Times of Israel Staff — Nov 26, 2017
Prime Minister Benjamin Netanyahu has warned Syrian President Bashar Assad that Israel will intervene militarily in the Syrian civil war if Assad gives formal permission to Iran to establish a military presence in Syria, Israeli TV reported on Sunday night.
Netanyahu conveyed the message to Assad via a third party, Hadashot news (formerly Channel 2) veteran Middle East analyst Ehud Yaari reported.
The warning specified that Israel will depart from the policy of non-intervention it has maintained throughout the six years of the civil war to date, Yaari said, if Assad “invites Iranian forces to establish themselves in Syria via an agreement of any kind.” Iran has provided significant logistical, technical, training and financial support for Assad’s regime and forces, as well as deploying military advisers and some combat troops in Syria. It also arms, trains and funds Hezbollah, the Lebanese terror group that has sent thousands of gunmen to fight alongside Assad’s troops.
Thus far, Israel has provided medical and humanitarian aid to victims of the war across its border, has hit back when gunfire has crossed the border and has used air strikes to target weapons stores and convoys intended for the Hezbollah terrorist organization. But, to date, “there was no direct targeting of the Syrian Army or of Assad,” Yaari noted.
The report noted tellingly that this non-intervention contrasted with previous Israeli policy. In 2006, for instance, Israeli jets broke the sound barrier flying over Assad’s presidential palace in Latakia, in what was seen as a warning to him against supporting Palestinian terrorist groups.
The reference to any formal Syrian “invitation” or “agreement” with Iran, the TV report elaborated, stems from the fact that Iran and Russia have been discussing future arrangements for Syria, under which all foreign forces would have to leave the country, except those which are present by agreement with, or invitation from, Assad. Russia’s forces are engaged in Syria on the basis of such an invitation, and Netanyahu’s aim in issuing the warning “is to deter Assad from issuing” a similar invitation to Iran.
The Iranians, the TV report noted, want to build “a naval base, possibly for submarines, an air base and arms factories for precision weapons.”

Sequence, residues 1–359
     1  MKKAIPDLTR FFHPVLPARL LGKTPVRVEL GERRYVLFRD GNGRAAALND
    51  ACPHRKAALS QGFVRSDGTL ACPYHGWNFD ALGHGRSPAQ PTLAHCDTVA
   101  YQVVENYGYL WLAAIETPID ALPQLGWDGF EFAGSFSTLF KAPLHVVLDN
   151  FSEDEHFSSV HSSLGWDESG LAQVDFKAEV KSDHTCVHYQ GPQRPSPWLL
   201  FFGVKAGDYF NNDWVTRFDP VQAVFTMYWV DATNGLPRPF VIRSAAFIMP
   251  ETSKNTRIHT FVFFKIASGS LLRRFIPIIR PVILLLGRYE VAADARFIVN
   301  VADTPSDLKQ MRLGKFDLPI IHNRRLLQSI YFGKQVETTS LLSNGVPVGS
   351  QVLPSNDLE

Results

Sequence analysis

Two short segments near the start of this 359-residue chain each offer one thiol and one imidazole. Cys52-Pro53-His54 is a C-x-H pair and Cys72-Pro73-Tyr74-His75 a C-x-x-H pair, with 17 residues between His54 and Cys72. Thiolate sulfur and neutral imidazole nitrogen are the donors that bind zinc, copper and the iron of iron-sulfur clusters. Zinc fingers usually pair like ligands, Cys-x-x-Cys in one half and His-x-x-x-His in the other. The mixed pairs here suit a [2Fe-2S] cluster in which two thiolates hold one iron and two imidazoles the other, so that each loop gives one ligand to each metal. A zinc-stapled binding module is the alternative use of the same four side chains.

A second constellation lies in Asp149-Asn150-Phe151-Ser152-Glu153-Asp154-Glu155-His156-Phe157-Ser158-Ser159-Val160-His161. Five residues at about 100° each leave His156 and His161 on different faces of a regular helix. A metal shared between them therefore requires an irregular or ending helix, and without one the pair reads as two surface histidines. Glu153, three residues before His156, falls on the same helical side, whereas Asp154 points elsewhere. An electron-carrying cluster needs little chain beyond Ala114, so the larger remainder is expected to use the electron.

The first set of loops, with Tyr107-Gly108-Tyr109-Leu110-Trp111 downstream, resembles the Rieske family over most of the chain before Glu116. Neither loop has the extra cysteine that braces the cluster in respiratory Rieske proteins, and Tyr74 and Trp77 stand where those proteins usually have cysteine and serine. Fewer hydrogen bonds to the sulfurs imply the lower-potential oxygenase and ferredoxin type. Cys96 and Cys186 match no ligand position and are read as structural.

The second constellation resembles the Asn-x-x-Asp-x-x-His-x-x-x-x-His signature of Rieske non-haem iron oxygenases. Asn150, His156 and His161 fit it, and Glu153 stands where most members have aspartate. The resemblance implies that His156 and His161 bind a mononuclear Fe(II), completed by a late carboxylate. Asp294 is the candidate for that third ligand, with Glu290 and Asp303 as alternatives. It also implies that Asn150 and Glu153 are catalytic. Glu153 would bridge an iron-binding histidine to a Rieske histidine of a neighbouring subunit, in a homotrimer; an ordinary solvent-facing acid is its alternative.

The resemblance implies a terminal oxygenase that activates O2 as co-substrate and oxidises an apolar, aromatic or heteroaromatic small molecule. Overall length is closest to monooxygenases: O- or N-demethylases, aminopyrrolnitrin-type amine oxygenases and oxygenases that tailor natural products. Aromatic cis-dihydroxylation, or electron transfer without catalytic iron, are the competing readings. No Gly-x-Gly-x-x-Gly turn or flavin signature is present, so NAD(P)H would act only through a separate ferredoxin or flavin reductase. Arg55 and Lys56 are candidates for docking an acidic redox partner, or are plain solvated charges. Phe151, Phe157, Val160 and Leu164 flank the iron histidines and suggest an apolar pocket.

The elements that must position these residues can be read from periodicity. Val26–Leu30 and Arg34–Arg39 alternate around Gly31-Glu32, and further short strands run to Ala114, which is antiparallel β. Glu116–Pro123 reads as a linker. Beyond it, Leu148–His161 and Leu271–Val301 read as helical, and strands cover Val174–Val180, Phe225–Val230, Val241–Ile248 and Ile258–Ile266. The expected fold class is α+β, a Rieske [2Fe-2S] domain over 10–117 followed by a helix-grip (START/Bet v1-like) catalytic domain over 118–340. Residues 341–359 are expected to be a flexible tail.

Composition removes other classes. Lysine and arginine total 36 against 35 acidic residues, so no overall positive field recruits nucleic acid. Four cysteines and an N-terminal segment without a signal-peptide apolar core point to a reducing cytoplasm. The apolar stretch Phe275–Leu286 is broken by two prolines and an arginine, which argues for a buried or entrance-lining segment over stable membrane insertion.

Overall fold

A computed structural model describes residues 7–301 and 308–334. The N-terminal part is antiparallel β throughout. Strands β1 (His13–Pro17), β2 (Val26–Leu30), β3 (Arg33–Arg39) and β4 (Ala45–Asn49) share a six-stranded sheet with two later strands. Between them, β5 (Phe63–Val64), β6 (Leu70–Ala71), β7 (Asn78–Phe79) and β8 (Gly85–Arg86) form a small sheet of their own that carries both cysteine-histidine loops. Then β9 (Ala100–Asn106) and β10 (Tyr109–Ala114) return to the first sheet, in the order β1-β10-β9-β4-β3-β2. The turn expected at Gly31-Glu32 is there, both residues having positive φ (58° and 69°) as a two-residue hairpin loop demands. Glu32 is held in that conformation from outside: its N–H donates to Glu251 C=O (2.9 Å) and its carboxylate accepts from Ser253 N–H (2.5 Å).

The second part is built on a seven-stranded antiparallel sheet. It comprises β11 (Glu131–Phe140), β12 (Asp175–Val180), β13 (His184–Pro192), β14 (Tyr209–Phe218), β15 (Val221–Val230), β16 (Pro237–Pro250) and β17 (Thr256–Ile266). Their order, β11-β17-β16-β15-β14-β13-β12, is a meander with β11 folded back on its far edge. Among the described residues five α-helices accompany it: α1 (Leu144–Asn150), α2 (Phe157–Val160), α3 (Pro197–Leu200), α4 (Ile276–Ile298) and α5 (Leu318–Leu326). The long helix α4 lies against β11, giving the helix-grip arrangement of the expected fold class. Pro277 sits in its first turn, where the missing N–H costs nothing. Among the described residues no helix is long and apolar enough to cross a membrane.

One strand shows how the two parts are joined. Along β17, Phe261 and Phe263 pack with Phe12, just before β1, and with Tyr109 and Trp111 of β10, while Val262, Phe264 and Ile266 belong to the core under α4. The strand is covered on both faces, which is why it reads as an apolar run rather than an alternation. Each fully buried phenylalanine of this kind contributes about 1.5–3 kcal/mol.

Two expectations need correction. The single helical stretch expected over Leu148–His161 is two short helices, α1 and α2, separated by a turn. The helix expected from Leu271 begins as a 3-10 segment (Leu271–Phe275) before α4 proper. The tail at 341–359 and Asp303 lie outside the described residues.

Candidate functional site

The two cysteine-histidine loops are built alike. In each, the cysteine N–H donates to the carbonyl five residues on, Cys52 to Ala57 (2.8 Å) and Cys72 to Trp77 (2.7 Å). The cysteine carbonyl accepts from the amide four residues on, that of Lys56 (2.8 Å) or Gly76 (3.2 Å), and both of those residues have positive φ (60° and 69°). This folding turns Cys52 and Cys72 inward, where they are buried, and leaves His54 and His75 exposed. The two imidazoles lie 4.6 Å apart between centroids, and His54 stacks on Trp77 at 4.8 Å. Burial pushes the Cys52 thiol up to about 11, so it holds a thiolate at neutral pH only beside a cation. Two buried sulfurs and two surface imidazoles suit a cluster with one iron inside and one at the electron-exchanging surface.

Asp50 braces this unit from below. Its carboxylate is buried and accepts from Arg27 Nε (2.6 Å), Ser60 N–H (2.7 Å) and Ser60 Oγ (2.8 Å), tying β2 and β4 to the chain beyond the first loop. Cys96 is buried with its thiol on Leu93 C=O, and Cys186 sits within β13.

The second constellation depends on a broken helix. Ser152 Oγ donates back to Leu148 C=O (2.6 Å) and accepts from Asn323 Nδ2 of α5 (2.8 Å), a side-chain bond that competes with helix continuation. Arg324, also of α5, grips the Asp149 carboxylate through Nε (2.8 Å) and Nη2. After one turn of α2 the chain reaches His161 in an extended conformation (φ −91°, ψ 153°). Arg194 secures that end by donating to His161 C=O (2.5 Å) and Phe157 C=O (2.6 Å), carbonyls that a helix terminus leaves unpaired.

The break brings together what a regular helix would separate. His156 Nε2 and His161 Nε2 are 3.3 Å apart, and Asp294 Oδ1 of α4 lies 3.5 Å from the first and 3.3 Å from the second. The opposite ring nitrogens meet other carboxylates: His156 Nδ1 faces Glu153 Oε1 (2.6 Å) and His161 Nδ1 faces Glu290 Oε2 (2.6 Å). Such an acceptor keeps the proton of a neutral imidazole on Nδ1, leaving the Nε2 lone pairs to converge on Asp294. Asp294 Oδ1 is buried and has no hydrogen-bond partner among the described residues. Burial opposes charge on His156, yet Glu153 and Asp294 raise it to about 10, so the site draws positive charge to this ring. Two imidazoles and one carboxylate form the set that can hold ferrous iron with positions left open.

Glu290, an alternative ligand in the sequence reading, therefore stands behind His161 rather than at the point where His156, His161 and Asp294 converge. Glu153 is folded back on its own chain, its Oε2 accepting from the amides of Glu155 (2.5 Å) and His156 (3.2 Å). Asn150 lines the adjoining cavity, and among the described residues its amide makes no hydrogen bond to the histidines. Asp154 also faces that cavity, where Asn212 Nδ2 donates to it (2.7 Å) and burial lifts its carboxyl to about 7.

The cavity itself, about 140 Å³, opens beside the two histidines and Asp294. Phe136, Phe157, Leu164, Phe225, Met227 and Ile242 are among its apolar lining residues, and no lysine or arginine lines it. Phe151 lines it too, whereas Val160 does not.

Earlier this month, the BBC, citing a Western security official, reported that Iran was setting up a permanent base on a site used by the Syrian army near el-Kiswah, 14 kilometers (8 miles) south of Damascus, and 50 kilometers (30 miles) from the Israeli border.
The TV report came days after Netanyahu was quoted telling French President Emmanuel Macron in a phone call that Israel sees Iranian activity in Syria as “a target” for its forces, and may carry out strikes against Iranian objectives if its security needs require it.
According to a transcript of their November 19 phone call reported by Israel’s Channel 10 TV, Netanyahu told the French leader that “from now on, Israel sees Iran’s activities in Syria as a target. We will not hesitate to act if our security needs require us to do so.”
Macron reportedly attempted to reassure the Israeli leader and dissuade him from “hasty” action.
But Netanyahu was adamant, reportedly saying, “The goal must be to minimize Iran’s influence, not only in Lebanon but also in Syria… Israel has tried up until now not to intervene in what is going on in Syria. But after the victory over Islamic State, the situation has changed because the pro-Iranian forces have taken control… From now on, Israel sees Iran’s activities in Syria as a target. We will not hesitate to act if our security needs require us to do so.”
Netanyahu vowed in a speech last week that Iran would not be allowed to gain a regional foothold. “We have made it clear many times that we will not accept nuclear weapons in Iran’s hands, nor will we allow the establishment of Iranian forces near our border, in the Syrian region in general, or anywhere else,” he said.
Underlining the rising tensions, an Iranian military commander declared on Thursday that any future war in the region would result in the annihilation of Israel. Ali Jafari, the commander of Iran’s Revolutionary Guards, told Iranian reporters that “any new war will lead to the eradication of the Zionist regime.”
On November 21, Netanyahu also spoke with Russian President Vladimir Putin by phone about a ceasefire deal in the Syrian civil war and the Iranian presence near Israel’s borders, the Prime Minister’s Office said. “The conversation lasted about half an hour and dealt with Syria, and Iran’s attempt to entrench itself in Syria,” Netanyahu’s office said in a statement. “Netanyahu insisted on Israeli security and reiterated his opposition to Iran’s entrenchment in Syria.”
The call was the latest in a series of high-level contacts between Israel and Russia, amid a dispute between the countries over allowing Iran and Shiite militias backed by Tehran to maintain a foothold in Syria near the Israeli border.
On October 17, Netanyahu met with Russian Defense Minister Sergei Shoigu in Jerusalem, where the two men discussed the Islamic Republic’s attempt to establish itself militarily in Syria. “Iran needs to understand that Israel will not allow this,” Netanyahu told Shoigu, according to his office.
According to an unnamed Israeli official, under the Syrian ceasefire deal, militias associated with Iran would be allowed to maintain positions as close as five to seven kilometers (3.1-4.3 miles) to the border in some areas, Reuters reported two weeks ago.
The Israeli Air Force has carried out numerous airstrikes in Syria on weapons convoys bound for the Iran-backed Hezbollah terror group, though it rarely acknowledges individual raids.